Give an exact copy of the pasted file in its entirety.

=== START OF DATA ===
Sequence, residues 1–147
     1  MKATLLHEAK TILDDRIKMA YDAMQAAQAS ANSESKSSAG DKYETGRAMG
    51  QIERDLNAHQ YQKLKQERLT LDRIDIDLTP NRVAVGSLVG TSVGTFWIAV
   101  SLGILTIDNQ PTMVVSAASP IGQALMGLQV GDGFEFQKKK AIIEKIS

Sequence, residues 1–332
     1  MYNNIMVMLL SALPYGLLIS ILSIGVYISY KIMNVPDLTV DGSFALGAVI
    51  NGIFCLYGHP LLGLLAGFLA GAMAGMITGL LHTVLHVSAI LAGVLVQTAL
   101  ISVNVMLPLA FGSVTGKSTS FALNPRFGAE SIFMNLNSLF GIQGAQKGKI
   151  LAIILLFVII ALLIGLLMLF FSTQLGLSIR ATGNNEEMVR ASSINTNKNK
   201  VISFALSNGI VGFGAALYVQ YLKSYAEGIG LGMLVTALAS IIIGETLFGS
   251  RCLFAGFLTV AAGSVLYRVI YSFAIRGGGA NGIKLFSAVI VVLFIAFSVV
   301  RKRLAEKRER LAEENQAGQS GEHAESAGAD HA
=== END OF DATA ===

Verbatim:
Sequence, residues 1–147
     1  MKATLLHEAK TILDDRIKMA YDAMQAAQAS ANSESKSSAG DKYETGRAMG
    51  QIERDLNAHQ YQKLKQERLT LDRIDIDLTP NRVAVGSLVG TSVGTFWIAV
   101  SLGILTIDNQ PTMVVSAASP IGQALMGLQV GDGFEFQKKK AIIEKIS

Sequence, residues 1–332
     1  MYNNIMVMLL SALPYGLLIS ILSIGVYISY KIMNVPDLTV DGSFALGAVI
    51  NGIFCLYGHP LLGLLAGFLA GAMAGMITGL LHTVLHVSAI LAGVLVQTAL
   101  ISVNVMLPLA FGSVTGKSTS FALNPRFGAE SIFMNLNSLF GIQGAQKGKI
   151  LAIILLFVII ALLIGLLMLF FSTQLGLSIR ATGNNEEMVR ASSINTNKNK
   201  VISFALSNGI VGFGAALYVQ YLKSYAEGIG LGMLVTALAS IIIGETLFGS
   251  RCLFAGFLTV AAGSVLYRVI YSFAIRGGGA NGIKLFSAVI VVLFIAFSVV
   301  RKRLAEKRER LAEENQAGQS GEHAESAGAD HA